Sometimes people want to pretend it isn't, and use obviously stupid examples. My only answer to that is that these are either falsified examples or students at T14s 10 years ago were all morons, or maybe still are. It's obvious that you'll want to use the relevant portions of what you've memorized.

    Even in science and math all you really do is figure out which equation to use and just plug in numbers, if you have all the equations memorized or you've seen the problem before it's pretty simple. The hard part is of course memorizing all of these equations and/or getting access to previous exams. Before anybody gets mad I was a science major in undergrad and have been kicking myself for years for not going to medical school...which is mostly just memorization too.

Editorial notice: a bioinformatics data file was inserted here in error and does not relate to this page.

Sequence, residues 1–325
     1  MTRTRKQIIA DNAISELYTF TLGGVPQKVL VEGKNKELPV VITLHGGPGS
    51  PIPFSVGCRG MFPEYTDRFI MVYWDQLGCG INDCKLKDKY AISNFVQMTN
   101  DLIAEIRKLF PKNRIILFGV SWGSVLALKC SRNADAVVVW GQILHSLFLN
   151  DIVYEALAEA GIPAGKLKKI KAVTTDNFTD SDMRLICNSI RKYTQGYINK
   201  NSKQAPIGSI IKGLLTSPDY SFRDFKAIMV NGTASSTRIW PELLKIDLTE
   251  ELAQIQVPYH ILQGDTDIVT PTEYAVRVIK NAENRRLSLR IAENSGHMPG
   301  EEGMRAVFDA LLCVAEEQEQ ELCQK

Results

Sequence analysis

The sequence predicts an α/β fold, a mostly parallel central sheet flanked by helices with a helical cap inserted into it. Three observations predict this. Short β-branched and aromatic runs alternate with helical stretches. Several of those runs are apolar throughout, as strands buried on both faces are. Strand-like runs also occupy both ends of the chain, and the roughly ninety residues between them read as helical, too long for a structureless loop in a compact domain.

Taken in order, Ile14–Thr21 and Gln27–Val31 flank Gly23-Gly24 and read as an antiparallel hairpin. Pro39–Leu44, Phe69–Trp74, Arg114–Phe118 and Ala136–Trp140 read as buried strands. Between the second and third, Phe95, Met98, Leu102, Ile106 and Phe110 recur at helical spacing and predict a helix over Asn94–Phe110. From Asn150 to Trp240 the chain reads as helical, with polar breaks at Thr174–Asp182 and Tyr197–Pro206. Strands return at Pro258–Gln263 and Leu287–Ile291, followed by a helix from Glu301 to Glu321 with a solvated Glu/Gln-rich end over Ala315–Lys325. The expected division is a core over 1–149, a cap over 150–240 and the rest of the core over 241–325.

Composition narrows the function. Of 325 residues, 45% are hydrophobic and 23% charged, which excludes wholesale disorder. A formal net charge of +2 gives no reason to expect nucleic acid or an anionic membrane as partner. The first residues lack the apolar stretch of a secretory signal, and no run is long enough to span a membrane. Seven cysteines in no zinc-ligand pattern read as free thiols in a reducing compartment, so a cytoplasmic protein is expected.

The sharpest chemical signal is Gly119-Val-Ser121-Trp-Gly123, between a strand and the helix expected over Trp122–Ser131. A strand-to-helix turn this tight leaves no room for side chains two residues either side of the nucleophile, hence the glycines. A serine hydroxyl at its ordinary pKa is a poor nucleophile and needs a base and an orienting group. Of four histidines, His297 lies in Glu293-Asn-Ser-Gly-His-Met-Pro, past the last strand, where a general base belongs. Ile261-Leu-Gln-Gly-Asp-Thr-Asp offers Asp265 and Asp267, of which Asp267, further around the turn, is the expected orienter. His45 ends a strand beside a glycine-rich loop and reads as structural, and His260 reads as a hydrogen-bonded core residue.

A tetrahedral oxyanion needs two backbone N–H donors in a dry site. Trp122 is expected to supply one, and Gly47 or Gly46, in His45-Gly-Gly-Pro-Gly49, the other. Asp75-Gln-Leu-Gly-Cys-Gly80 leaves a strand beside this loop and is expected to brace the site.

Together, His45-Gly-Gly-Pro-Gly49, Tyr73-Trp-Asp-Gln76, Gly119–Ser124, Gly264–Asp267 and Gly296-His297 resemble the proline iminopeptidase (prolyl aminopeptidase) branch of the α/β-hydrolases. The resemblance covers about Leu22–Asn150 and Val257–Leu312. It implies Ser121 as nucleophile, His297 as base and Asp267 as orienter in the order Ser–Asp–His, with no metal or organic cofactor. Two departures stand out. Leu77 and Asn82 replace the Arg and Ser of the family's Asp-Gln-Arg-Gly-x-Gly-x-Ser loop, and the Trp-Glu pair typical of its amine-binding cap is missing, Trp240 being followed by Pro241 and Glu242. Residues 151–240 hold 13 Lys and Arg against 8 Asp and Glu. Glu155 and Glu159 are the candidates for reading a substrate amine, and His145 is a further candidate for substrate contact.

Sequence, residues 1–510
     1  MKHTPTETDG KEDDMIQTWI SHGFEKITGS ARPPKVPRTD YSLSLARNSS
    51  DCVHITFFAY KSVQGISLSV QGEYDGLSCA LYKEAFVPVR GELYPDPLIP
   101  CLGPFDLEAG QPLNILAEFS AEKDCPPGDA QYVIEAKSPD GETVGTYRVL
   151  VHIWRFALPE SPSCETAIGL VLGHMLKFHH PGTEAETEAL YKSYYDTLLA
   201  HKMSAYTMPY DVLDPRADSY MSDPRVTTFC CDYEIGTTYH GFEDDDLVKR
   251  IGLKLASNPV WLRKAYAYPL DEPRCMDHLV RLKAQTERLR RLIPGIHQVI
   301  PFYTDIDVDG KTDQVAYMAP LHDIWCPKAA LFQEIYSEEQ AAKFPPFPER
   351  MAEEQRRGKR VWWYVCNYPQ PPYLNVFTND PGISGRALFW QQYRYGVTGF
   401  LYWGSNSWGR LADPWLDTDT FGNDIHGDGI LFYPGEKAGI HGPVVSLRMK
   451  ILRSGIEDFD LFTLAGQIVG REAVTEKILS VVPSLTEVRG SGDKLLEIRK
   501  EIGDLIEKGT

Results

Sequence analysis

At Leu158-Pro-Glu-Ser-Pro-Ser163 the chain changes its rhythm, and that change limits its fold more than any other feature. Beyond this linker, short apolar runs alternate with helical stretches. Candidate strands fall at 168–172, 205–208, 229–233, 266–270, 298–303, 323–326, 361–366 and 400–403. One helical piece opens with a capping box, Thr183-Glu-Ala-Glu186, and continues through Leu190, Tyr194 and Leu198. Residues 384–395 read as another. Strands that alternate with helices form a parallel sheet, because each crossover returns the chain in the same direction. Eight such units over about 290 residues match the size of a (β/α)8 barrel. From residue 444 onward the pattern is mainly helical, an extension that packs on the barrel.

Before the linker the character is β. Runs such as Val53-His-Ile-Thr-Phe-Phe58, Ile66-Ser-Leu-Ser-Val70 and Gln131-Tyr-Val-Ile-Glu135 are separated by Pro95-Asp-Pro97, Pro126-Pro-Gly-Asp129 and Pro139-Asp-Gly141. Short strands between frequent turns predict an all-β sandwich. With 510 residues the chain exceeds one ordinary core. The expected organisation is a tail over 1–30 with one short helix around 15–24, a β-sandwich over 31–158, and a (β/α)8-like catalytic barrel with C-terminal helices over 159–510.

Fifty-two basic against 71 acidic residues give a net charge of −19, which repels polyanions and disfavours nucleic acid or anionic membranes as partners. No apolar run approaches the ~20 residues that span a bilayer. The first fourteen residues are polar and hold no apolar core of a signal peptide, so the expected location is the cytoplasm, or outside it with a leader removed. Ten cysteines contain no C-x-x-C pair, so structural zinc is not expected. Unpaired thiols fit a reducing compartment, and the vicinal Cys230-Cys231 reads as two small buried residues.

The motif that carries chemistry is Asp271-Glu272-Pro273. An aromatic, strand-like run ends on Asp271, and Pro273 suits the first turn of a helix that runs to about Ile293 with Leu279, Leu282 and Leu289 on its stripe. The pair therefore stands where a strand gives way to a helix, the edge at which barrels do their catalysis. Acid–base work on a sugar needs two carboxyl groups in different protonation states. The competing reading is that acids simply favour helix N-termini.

Ironically, the LSAT is not a memorization test. Either is the SAT or most standardized tests really. That is probably a purposely designed false impression of law school, they like to claim it is a "thinking" profession when in reality all you do is copy and paste stuff, which again, you'll do well in if you've memorized. A lot of people do pretty well on the LSAT, right now a 170 gets you into the bottom of the T14. It's not going to erase a low GPA.